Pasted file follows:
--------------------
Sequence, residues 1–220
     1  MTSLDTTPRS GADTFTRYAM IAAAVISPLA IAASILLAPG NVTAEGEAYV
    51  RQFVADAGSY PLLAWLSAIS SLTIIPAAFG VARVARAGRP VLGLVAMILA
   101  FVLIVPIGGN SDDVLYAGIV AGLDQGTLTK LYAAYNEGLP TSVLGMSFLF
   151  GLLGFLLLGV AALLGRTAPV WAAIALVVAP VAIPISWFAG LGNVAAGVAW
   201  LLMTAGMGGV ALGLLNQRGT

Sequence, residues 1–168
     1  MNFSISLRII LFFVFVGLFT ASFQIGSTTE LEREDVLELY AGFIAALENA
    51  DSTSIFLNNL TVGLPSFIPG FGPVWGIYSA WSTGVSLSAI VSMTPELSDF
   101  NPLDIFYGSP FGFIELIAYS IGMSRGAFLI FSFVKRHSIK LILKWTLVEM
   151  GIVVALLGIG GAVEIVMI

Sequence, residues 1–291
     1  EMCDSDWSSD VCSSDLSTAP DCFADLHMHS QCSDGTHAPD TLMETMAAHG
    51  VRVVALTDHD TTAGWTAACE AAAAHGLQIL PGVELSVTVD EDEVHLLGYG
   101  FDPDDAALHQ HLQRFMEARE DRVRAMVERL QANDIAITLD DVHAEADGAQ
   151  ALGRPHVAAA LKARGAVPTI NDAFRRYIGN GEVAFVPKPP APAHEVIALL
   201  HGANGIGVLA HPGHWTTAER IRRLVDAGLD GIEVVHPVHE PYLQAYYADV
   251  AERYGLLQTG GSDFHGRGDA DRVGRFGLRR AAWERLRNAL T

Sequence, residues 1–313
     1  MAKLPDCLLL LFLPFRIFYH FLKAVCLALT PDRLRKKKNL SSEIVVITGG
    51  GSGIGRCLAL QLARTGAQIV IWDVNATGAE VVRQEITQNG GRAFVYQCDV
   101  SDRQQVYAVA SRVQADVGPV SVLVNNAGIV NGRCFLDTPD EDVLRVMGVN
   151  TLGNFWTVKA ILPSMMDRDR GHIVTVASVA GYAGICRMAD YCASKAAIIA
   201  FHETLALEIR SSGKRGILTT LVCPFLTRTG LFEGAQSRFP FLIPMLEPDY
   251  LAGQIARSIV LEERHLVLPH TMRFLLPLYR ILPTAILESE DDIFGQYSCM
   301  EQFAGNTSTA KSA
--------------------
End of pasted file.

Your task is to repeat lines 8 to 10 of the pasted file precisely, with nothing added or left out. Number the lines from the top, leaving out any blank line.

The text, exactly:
     1  MNFSISLRII LFFVFVGLFT ASFQIGSTTE LEREDVLELY AGFIAALENA
    51  DSTSIFLNNL TVGLPSFIPG FGPVWGIYSA WSTGVSLSAI VSMTPELSDF
   101  NPLDIFYGSP FGFIELIAYS IGMSRGAFLI FSFVKRHSIK LILKWTLVEM